- Growling stomach
Source of intestinal issues
Even if you have some of the symptoms listed above, remember that an intense bout of heartburn does not mean you need to hustle to the doc for a GI test and a consult … the first or second time anyway.
As suggested above, stress or food, even excess alcohol consumption can wreak havoc with your digestive tract. Even eating quickly, thus swallowing excessive air while eating, may increase the belching and bloating symptoms, which are associated with indigestion.
Often the use of OTC or prescription pain pills can trigger GI woes – those meds classified as nonsteroidal anti-inflammatory agents, or as NSAIDs, run the gamut from Advil to Motrin. While they may relieve your arthritis pain, thus permitting you to move about freely, they will do a number on your stomach if you do not take precautions. This is why the pill label, and your doctor, warn you to “take this medicine with food” … you are risking serious problems by taking such strong pain relievers on an empty stomach.
The presence of an ulcer can trigger intestinal woes like heartburn as well. The solution for an ulcer would be a bland diet, such as eliminating caffeine, spicy or fried foods. Over-the-counter remedies like Pepcid or Prilosec contain proton pump inhibitors (PPIs) and help work magic on your sensitive stomach, but, although they help to mask the pain, that’s fine, but the underlying problem is still there. Left untreated, heartburn or an ulcer, or any other type of abnormality in the digestive tract, can develop into GERD.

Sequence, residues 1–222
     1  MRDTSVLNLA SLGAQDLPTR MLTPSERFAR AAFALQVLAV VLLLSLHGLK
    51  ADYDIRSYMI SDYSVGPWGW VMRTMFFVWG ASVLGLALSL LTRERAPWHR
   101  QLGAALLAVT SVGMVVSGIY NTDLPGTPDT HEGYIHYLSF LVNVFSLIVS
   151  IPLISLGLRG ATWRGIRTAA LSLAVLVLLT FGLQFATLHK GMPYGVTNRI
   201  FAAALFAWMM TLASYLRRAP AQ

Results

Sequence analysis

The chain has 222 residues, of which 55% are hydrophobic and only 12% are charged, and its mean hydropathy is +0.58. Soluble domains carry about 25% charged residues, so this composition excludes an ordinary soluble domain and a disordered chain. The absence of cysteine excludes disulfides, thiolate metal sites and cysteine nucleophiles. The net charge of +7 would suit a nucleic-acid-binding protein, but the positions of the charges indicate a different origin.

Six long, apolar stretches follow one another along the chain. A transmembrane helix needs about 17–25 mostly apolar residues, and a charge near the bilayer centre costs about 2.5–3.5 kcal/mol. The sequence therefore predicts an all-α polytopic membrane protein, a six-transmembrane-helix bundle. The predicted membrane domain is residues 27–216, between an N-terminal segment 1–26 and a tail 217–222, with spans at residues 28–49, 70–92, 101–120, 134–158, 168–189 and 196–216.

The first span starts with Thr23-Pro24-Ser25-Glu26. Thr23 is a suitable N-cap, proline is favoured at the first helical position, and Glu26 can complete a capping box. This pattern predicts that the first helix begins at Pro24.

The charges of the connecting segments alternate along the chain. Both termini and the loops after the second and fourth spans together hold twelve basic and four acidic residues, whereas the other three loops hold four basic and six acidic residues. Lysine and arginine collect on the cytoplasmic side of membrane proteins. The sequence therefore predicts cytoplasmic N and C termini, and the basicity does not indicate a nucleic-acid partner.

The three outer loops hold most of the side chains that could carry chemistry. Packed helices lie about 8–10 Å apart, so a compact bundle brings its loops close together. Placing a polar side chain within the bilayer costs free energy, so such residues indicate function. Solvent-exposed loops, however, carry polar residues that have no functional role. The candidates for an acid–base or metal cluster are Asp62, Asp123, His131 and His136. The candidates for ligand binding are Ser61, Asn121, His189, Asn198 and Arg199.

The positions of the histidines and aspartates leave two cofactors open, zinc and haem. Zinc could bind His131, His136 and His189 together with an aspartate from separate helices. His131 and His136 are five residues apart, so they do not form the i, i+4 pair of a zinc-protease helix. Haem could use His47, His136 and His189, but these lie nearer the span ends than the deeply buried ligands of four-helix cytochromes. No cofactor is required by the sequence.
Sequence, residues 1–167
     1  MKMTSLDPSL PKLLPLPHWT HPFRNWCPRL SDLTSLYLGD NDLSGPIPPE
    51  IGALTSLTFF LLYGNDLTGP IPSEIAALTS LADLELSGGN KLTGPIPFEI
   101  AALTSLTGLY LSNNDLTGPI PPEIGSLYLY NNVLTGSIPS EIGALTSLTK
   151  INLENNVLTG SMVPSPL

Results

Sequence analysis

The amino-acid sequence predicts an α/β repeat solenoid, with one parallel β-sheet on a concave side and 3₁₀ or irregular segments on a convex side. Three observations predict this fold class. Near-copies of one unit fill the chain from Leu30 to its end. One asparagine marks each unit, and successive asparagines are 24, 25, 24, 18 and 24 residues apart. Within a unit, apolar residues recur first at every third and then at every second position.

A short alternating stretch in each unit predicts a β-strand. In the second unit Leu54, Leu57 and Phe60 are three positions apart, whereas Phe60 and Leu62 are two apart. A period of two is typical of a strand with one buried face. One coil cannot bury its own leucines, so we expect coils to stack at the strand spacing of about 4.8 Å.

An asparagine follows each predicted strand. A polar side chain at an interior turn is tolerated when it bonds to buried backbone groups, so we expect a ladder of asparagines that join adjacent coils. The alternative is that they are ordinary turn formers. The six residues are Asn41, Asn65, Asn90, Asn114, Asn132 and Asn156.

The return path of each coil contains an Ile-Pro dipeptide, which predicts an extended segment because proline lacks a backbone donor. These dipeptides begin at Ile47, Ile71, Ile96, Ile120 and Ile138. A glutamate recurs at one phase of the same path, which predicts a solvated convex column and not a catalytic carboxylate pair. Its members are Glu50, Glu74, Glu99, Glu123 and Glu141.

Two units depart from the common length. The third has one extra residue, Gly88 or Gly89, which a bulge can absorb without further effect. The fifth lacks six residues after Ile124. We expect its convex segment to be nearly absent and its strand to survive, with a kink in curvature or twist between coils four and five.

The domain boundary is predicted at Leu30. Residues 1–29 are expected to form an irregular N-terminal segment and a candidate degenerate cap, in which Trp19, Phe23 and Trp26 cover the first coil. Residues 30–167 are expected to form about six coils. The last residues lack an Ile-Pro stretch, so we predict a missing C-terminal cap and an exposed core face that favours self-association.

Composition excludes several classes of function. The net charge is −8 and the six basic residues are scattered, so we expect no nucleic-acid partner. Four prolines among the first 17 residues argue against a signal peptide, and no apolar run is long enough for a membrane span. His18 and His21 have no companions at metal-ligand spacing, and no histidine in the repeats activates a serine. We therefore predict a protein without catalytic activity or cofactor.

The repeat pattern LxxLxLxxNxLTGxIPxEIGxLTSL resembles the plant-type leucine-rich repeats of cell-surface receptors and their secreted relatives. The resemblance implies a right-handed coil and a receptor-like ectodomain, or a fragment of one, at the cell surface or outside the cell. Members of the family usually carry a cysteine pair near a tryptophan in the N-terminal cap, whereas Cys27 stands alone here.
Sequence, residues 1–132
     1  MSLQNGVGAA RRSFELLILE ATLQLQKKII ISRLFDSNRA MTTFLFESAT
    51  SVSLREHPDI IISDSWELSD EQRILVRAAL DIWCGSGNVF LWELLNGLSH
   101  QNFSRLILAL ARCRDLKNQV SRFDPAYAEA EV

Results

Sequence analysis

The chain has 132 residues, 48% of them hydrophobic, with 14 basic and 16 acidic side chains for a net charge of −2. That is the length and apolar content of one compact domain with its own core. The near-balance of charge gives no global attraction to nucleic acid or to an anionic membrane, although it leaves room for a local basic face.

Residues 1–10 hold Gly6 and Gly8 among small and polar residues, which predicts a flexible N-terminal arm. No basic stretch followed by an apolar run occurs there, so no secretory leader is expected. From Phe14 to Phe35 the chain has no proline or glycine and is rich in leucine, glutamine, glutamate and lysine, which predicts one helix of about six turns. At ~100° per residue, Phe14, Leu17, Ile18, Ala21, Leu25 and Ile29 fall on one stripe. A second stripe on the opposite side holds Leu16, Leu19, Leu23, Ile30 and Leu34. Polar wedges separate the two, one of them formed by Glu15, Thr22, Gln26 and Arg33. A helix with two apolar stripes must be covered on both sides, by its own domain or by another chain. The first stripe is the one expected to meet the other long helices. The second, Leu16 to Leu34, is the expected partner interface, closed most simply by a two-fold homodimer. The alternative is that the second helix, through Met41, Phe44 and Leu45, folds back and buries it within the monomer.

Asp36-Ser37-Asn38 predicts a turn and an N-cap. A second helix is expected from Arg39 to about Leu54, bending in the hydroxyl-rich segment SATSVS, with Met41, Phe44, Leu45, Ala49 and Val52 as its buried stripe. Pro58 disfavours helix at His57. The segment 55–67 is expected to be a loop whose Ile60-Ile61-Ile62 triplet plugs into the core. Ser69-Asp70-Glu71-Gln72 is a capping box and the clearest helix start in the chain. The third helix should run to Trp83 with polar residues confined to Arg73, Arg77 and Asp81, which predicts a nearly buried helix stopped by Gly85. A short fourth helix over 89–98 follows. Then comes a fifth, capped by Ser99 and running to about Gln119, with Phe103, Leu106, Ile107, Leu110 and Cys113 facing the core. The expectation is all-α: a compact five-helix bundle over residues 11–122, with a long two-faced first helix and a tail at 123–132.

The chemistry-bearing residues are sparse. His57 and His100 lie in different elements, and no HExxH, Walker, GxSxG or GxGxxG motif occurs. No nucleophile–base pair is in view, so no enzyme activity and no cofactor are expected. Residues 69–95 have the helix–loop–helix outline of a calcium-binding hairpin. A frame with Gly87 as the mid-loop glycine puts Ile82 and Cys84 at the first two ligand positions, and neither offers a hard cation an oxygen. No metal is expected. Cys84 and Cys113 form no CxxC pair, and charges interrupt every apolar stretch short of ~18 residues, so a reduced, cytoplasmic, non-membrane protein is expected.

Consult with a gastroenterologist
If that pesky indigestion persists and is not the result of any of the above-named factors, then your type of indigestion is called functional, or non-ulcer dyspepsia, and it is time to contact a top GI doctor right here in Flushing. Simple indigestion is one thing, but ongoing and painful indigestion can signal a more serious health problem. If you experience symptoms like shortness of breath, sweating, or pain radiating to the jaw, neck, or arm, seek medical attention immediately as they could be precursors to a heart attack.
You should be prepared to give the doctor the site of your discomfort, and a precise description of the symptoms, so that he or she can rule out any underlying conditions based on your symptoms and perform a battery of tests, including blood draws, x-rays of the stomach and/or small intestine. After examining the test results, the doctor may suggest that an upper endoscopy be performed. For this procedure, your doctor will utilize an endoscope which is a flexible tube that contains a light and a camera to produce images from inside the body. With this tool, your doctor will be able to look at your stomach to hopefully determine the cause of your discomfort and discuss further action with you.
A gastroenterologist is your go-to doctor for indigestion woes – it is better to be safe than sorry and see an expert who can remedy your malady in its early stages.